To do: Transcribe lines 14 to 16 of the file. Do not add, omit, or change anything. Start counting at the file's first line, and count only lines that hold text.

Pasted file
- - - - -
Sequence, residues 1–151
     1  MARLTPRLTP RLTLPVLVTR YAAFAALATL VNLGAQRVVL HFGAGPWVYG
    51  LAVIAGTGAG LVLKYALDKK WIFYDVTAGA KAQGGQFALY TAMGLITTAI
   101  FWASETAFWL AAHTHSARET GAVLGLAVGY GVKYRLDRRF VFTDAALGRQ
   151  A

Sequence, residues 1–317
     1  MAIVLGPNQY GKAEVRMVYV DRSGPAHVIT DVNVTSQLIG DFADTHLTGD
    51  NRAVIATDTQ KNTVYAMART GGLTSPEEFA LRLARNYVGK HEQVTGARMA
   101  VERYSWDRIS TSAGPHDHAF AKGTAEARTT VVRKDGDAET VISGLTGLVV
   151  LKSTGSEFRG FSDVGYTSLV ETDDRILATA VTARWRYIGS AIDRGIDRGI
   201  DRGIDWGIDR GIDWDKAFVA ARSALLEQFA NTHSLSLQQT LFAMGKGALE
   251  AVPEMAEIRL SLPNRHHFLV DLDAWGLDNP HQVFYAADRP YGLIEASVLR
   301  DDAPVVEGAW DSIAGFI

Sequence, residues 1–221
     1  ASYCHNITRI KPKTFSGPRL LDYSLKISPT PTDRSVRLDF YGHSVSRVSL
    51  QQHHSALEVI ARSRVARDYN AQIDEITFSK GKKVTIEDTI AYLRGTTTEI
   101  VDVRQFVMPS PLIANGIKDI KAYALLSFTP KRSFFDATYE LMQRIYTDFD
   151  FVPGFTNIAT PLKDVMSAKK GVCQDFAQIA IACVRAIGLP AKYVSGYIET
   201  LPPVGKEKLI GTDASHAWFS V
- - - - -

Sequence, residues 1–221
     1  ASYCHNITRI KPKTFSGPRL LDYSLKISPT PTDRSVRLDF YGHSVSRVSL
    51  QQHHSALEVI ARSRVARDYN AQIDEITFSK GKKVTIEDTI AYLRGTTTEI